All through our lives, we keep coming across situations where we have to deal with people and persuade them. Persuasion is a process that aims to influence and change another’s attitude towards an idea, object or event, so as to be mutually beneficial to both parties. People, often times, attach a negative connotation to it and think of it as manipulation. But there is a difference between the two. Manipulation involves compelling another to do things that are beneficial only to you. Persuasion, on the other hand, is an art that involves thought and strategy. When done correctly, it has the power to bring people together and take ideas forward into action. There are certain aspects to persuasion which must be kept in mind to ensure your efforts are successful. For now, thoroughly read through tricks to master the art of persuasion.
The art of persuasion works very well when you can engage people with a small commitment first and then eventually bring up a larger idea for them to commit to. Most people like to display behavior that is consistent, which is of great help when it comes to persuading your clients. Many case studies have proven that when you elicit a voluntary, public commitment from your client at first, you will end up with a longer, active commitment thereafter. For instance, ask a client to sign up for a month for a service you provides. When you approach them a month later, they will be more likely to take up a yearly subscription to your service. This is because once they have made use of your services and are pleased with it, it is ideal for them to continue their association with you.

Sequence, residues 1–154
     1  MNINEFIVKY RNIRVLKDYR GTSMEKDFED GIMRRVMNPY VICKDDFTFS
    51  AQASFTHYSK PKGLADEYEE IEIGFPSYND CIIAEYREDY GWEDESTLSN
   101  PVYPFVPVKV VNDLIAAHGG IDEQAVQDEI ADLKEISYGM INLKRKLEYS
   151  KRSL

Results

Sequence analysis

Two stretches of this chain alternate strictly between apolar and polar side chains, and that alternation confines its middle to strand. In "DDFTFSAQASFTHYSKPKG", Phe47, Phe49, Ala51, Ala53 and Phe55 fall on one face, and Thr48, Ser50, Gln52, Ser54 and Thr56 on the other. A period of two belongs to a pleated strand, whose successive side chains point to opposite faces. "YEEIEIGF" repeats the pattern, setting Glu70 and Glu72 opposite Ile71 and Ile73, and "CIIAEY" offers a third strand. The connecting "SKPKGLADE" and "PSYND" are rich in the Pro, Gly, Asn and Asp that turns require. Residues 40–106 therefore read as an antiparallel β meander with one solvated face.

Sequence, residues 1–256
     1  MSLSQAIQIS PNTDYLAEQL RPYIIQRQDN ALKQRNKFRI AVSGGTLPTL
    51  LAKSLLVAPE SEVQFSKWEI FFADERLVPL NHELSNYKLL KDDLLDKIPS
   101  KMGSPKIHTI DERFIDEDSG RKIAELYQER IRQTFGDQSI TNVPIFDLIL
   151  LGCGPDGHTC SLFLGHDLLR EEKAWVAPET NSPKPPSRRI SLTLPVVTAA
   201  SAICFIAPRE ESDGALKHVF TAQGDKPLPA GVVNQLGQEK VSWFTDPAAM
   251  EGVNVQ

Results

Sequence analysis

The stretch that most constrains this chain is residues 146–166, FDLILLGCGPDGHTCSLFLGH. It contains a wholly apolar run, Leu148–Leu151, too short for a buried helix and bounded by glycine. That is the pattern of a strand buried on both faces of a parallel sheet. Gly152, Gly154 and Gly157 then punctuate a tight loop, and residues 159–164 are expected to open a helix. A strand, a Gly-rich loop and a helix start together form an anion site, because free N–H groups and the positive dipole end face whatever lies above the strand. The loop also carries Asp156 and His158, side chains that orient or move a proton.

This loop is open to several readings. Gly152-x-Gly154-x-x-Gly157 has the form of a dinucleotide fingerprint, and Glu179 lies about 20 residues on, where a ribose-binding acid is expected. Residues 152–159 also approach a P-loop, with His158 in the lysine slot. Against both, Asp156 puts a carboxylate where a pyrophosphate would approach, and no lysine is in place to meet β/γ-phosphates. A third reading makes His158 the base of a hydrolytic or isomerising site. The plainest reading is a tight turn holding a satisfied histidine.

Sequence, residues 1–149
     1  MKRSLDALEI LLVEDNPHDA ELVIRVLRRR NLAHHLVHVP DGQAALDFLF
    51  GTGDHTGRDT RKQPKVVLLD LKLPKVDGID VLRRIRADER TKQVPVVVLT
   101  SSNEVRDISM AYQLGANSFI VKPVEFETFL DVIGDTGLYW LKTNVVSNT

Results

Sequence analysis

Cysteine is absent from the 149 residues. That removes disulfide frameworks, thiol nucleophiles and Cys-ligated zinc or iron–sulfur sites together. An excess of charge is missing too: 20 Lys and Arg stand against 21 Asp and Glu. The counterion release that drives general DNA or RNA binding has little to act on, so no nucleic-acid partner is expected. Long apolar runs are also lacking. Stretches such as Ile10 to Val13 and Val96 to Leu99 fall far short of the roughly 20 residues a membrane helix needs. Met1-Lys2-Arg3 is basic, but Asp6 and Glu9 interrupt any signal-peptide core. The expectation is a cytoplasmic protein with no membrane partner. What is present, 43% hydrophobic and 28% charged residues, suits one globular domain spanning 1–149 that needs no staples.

This is one of the best keys to persuasion. When you give to or do something for another person, they feel obliged to return the favour. Reciprocity helps create goodwill and can improve the relationship between you and other person you want to persuade. Small gestures of consideration to your prospective clients will always be remembered and the client at some point will be obliged to help you when you need them. For example, if you are in the hospitality industry and you offer your client a discount in hotel tariffs during peak business season, the client will remember your gesture and feel obliged to come to you with business, thereby helping you meet revenue targets in off-season.
Create scarcity and urgency
It is human tendency to want things that you cannot have. This applies to busipness as well. Create a sense of scarcity and urgency around the products or services you offer; you will automatically see an increase in the number of clients coming to you. Everything has value on a relative scale. Explain the benefits of your product/service to your clients and highlight what is unique about what you have on offer and what they stand to lose if they do not take action immediately. Creating a sense of urgency in the client’s mind is a very effective way of persuasion.
Everybody likes to engage in business with people they like. Make yourself likeable to your clients. Build rapport with them, find out their likes and dislikes and showcase similarities that you may have with them. People take a liking to someone they can relate to and who are similar to them. They are also more likely to trust someone just like them. If you can meet the likeability and trust factor in a prospective client, it will become very easy for you to persuade them to work with you.
One of the most effective ways to persuade someone is to display and highlight your expertise. If a client sees that you are a known authority in your domain, they are more likely to engage in business with you. People like to follow credible and knowledgeable experts. Showcasing your professional credentials acts as a testimonial to attract clients and helps you persuade them with minimum effort.
As you would have guessed and in order to master the art of persuasion requires dedicated commitment and confidence on your part. If you are confident and certain in your stance, you will always be able to persuade others to do what’s right for them, while getting what you want in return.
A version of this article appeared in Financial Express.